I once made deodorant using lemongrass essential oil which, after a few hours on my body, started to smell like urine!  However it wasn't wasted, we used it as bee pheromone to attract a swarm to a bee box, but that's another story for another time.

To avoid leaving oily residue on our clothes, a small amount is all that is required.  I especially like it on these freezing winter mornings, when deodorant roll-on or from a spray bottle feels cold to the touch and takes a minute or so to dry.
Coconut oil is also used as body moisturiser. Unscented, rubbed on arms and legs especially during summer is cheap and chemical free. Add a dash of lavender oil to repel flies and mosquitoes. 
Did you know that Parabens in many cosmetics and body moisturisers, are the cause of hormonal issues? Parabens and many other chemicals are scientifically proven hormone disrupters.
Our skin is the body's largest organ, is very absorbent so we really need to be careful what we put on it.

And hand moisturiser?.... is right there on the kitchen bench in a squirty bottle.
Olive oil rubbed in well, as often as required, is also cheap and chemical free.

We have some excellent local producers here and our trade economy is always welcomed. This is one of our favourite extra virgin oils, from John and Vicki at Cornucopia Farming.

 Glenafton Goats milk products are chemical free and extremely well priced.
I love this facial  moisturiser for my weathered and dry old skin.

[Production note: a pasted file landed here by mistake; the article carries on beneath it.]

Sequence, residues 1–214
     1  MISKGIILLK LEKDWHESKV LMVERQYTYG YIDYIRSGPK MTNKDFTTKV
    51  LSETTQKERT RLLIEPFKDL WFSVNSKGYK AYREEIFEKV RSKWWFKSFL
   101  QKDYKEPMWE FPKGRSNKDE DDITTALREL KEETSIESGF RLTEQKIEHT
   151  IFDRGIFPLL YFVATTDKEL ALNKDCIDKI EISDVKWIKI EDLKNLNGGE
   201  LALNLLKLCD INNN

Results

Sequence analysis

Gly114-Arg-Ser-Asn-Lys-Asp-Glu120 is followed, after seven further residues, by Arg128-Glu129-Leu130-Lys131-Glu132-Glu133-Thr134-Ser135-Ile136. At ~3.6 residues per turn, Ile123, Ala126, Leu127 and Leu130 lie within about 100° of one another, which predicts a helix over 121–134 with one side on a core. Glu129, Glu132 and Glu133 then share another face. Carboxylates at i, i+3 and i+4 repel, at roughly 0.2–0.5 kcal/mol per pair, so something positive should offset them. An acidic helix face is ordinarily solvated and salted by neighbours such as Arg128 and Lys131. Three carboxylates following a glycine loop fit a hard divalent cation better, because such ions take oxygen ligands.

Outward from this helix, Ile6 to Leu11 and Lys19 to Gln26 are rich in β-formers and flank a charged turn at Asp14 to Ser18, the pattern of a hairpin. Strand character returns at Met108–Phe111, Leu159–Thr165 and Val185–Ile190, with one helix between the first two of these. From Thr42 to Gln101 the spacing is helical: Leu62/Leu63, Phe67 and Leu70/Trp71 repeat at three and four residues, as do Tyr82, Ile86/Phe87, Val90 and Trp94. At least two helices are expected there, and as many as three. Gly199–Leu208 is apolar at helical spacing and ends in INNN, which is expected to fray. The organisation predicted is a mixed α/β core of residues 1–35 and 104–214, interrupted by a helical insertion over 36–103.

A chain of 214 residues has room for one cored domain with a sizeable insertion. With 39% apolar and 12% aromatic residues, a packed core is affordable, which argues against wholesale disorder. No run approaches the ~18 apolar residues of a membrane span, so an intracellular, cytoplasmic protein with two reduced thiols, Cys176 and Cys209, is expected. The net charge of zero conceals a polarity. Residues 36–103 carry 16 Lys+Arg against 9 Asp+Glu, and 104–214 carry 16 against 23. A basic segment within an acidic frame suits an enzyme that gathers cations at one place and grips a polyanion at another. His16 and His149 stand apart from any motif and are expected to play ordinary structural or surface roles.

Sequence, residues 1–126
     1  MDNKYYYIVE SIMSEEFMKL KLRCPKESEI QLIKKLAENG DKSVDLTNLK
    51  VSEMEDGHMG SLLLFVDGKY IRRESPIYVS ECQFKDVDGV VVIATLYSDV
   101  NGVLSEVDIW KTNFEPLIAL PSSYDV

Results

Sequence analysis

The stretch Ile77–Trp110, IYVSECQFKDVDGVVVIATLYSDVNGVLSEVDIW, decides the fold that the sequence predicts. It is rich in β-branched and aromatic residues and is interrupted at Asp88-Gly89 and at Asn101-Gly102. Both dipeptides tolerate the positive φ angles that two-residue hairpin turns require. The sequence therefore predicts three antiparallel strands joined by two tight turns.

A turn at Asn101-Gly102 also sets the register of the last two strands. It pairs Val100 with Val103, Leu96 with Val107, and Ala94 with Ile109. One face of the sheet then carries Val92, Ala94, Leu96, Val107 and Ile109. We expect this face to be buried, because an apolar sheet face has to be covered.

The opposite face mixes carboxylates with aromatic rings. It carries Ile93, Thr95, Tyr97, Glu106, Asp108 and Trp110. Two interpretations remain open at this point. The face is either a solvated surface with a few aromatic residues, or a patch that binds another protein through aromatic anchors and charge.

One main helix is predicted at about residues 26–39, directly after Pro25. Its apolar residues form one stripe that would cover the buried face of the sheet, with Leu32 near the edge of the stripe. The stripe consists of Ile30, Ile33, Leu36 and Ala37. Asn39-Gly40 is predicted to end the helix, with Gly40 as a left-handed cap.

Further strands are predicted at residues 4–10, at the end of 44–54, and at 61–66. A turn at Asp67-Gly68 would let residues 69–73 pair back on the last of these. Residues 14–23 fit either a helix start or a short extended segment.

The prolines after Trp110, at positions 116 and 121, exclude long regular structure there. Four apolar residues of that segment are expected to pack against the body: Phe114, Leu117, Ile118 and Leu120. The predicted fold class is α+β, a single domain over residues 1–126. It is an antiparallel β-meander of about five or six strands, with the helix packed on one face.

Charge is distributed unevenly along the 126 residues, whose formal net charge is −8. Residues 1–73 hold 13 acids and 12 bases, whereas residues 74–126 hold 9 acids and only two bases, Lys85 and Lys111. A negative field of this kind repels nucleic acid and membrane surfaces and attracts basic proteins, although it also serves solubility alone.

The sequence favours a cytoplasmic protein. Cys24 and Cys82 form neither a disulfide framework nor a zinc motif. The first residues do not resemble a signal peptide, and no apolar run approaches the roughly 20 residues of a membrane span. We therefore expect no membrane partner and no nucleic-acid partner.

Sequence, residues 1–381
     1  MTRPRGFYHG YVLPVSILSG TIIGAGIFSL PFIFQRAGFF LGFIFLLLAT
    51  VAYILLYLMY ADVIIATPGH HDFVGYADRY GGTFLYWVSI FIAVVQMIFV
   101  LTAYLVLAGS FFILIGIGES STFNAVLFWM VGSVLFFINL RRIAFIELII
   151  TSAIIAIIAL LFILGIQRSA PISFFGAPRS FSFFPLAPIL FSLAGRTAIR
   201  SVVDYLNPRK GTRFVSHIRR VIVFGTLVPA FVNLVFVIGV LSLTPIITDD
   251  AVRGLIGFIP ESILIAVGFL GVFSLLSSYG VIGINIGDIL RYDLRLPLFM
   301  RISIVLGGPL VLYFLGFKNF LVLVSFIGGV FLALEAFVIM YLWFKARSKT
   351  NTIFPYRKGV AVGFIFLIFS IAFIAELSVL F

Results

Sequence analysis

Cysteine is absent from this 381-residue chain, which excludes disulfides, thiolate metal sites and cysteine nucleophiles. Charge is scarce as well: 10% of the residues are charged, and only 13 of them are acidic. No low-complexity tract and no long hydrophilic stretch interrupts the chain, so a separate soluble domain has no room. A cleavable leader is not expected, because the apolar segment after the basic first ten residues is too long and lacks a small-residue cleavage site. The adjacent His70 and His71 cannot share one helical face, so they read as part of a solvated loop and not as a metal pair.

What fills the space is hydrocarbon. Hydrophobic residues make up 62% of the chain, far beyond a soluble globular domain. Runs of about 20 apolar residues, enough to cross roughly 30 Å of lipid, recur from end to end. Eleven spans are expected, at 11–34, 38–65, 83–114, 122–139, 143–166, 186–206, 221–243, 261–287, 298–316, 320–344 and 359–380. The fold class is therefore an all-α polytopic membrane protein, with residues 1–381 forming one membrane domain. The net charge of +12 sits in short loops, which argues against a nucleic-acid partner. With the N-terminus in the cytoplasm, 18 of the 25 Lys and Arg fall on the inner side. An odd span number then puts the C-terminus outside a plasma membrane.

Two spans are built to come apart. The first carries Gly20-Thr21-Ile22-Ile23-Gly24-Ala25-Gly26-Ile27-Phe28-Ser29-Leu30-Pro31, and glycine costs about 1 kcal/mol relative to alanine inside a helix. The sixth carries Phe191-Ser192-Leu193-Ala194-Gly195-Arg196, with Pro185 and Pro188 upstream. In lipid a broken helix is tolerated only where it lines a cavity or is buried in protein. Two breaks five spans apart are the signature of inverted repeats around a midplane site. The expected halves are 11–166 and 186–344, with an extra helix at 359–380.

What I reckon is... if you wouldn't put it in your mouth, then why would you rub it onto your skin?
For $12 a pot, and free postage, I usually order three pots at a time to cut down the postage costs for the small family manufacturer.  I get almost a year from three pots, using it every morning and night.

When I think of the dollars that I wasted on 'products' during my lifetime, I squirm.  But when I think of the chemicals that I used to slather onto my skin and hair that were washed down in the waste water, the plastic bottles and containers I unwittingly encouraged, I cringe with shame.
There's no point stressing over the past, but once we have the knowledge we can be empowered to do better for our health and well-being, and for the sake of the planet.
Choose wisely folks.

Sally XX

Friday 29 May 2020

The End of May - Pruning and Cows

Hello Friends,

It's the end of May and the last of the Glory Vine surrounding the house verandah has been pruned and mulched.
Brian did the pruning in less than an hour. Before I could offer to assist it was all on the ground.!  That man! He certainly gets on with things without a minute's hesitation. He is truly motivation on steroids.
"Leave the cuttings on the ground." I said.  "I want to go through them and make a wreath." 
The least I could do was pick up the mess on the ground, and I needed to find a valid excuse so that he didn't rush to do it all, and leave me feeling guilty for not helping.

Later in the day, when I'd finished what I was doing, I made a wreath.
The remainder of the vine sticks went onto the mulching pile for Brian to run over with the tractor and mulcher.  After rotting down over winter I'll shovel it onto the garden.

 Honeysuckle is almost unrecognizable from that timid and thin cow that we brought home from the livestock market roughly two years ago.  You can catch up on bringing home our new Honeysuckle cow here